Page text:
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Dyslexic teacher...reactions?

Discussion in 'Special educational needs' started by lordshine, Mar 5, 2010.

  1. Hi,
    I am due to start a PGCE in September and have for along while thought that I have dyslexia, or atleast dyslexic tendencies. I am planning to visit the Dyslexia Support Unit of the university to be assessed as soon as I can when I join the course but was just wondering what kind of reaction there will be towards me from schools, placements etc?
    I only ask because I currently work in a faculty of health with dyslexic nurses, midwives etc and there is a very negative reaction from their placements and employers when this is disclosed.
    Am i worrying over nothing?
    I suspect that my dyslexia is less about my writing ability but more reading aloud, memory, getting out what I want to say...all very important aspects of being a teacher
  2. One of my friends is a dyslexic teacher and she had encountered some negativity, but her teaching speaks for itself, she's fantastic and makes great use of ICT to help her. She did get assistance from Uni - laptop, special software etc, but not sure if that is still available nowadays. Don't let it discourage you, she was quite open with the children about her spelling not always being perfect and I think they accepted it really well as she didn't mind them letting her know if they spotted something wrong.
  3. dolfrog

    dolfrog New commenter

    You need to identifywhich cognitive deficit or deficits cause your dyslexic symptom.
    Dyslexia is a man made problem, which has many underlying cognitive causes.
    currently the most informative research papers , and the most informative include :

    Cognitive subtypes of
    dyslexia. [Acta Neurobiol Exp (Wars). 2008]

    differentiation of stop consonants relates to reading and
    speech-in-noise perception.[Proc Natl Acad Sci U S A. 2009]
    search of a science-based application: A learning tool for reading

    : Jyv&auml;skyl&auml; 13 year Longitudinal study of Dyslexia (My PubMed Research
    Paper Collection)
    </h4> How
    do teachers in Ireland and England conceptualise dyslexia?.

    attention to reading: The neurobiology of reading and dyslexia
    early reading skills from pre-reading measures of dorsal stream
    </h4><h4>Reading for meaning
    in dyslexic and young children: distinct neural pathways but common
    endpoints. [Neuropsychologia. 2009]
    </h4>Leading dyslexia researchers research paper collections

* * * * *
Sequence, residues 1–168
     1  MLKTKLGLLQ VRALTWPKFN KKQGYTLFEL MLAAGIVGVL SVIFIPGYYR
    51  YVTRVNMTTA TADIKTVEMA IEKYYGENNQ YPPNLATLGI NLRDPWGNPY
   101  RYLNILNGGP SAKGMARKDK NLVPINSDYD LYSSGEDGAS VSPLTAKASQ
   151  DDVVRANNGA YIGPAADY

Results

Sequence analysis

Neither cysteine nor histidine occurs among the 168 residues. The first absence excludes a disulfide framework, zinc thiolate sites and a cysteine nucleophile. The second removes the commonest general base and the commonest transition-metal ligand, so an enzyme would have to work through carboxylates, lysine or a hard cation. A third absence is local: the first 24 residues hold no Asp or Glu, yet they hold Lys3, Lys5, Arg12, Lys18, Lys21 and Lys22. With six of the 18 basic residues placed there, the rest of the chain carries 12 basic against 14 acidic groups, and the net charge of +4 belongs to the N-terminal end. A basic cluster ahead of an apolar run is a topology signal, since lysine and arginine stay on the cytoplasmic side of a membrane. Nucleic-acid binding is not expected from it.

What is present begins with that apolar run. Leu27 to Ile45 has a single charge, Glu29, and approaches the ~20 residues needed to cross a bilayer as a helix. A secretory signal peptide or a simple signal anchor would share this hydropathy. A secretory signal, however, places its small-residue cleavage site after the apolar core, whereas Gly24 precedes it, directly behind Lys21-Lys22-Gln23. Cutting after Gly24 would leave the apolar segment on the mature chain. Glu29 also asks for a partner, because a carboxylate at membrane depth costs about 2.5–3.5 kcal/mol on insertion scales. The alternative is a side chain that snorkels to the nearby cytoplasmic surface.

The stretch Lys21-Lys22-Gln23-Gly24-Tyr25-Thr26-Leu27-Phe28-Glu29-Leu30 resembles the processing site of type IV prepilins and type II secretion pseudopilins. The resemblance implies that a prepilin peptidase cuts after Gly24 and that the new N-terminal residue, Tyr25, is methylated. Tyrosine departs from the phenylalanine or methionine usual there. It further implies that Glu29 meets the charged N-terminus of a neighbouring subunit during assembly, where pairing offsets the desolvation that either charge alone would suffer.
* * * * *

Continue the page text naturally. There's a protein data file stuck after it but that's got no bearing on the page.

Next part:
Katrin (Dyslexia) Research papers (My PubMed Research Paper Collection)
    Michel (Dyslexia) Research papers (My PubMed Research Paper Collection)
    Heikki (Dyslexia) Research papers (My PubMed Research Paper Collection)
    J. Snowling (Dyslexia) Research papers (My PubMed Research Paper
    Franck (Dyslexia) Research papers (My PubMed Research Paper Collection)
    E Shaywitz (Dyslexia) Research papers (My PubMed Research Paper
    Wai T (Dyslexia) Research papers (My PubMed Research Paper Collection)
    John F (Dyslexia) Research papers (My PubMed Research Paper Collection)
    </h4>you might also find some useful information at CiteULike the online Research Paper bookmarking facility.
    <h4>CiteULike: Group: Dyslexia -
    library currently 171 articles
    </h4><h4>CiteULike: Group: Audiology
    and Auditory Processing Disorder - library 102 articles



  4. Hi,
    I've been teaching for 7 years now, and was diagnosed as dyslexic when I was 10.
    I have had issues with my dyslexia as a teacher - almost entirely focussed on difficulties I have organising numbers. I often make errors on data analysis, timetabling and general organisation.
    I have had no issues in the classroom as a teacher. Everyone makes mistakes from time to time and I have found not only that the children don't care - but they actually look to 'trip me up' in a good natured way with spellings and maths etc. In this sense being dyslexic hs been an advantage. Furthermore, I find an empathy with children who try hard but have barriers to learning.
    Being a dyslexic is a BONUS for a (primary) classroom teacher.

    However, I have not disclosed my issue with any of the schools I have worked at, from fear of a negative response (especially on application forms!). Of the 3 schools I have worked at, one school was a complete nightmare. The head was extreemly pedantic and prioritised paperwork far above classroom practice. She wasnt my biggest fan...
    The other two schools clearly prioritise teaching, relationships and ethos far above spotless paperwork etc. They have been a joy to work in.
    In short, I would heartily advise you to weigh up a school carefully. Visit. You should be able to tell quickly if there is a 'buzz' about the place. This is a school to go for. If you get the impression that the head is cold and doesnt seem to be as enthused about children and teaching as she is abot controlling teaching and children, steer clear. Sadly these head 'teachers' do exist.
    This isn't just advice for dyslexic NQT's either...
  5. I believe it is every child's right to have teachers who have good literacy and numeracy skills.
    Employing schools should have the right to know that a teacher has a disability that could affect impressionable young children in their formative years.
    Reading, writing and numeracy are such important skills, and these are fundamental for success in any other subjects studied in the future.
    I had the misfortune of being taught by a dyslexic adult ed teacher who misspelled my name on an exam entry form which created huge problems for me. I wasn't able to do my exam at the same time as everyone else.
    I also had the experience of working with a dyslexic teacher who taught job seeking and gave students handouts about how to write letters to employers that were full of spelling mistakes.
    I feel many parents would be alarmed to know that children are having to correct a teacher's spelling.
    It is both dishonest and selfish to be in that situation.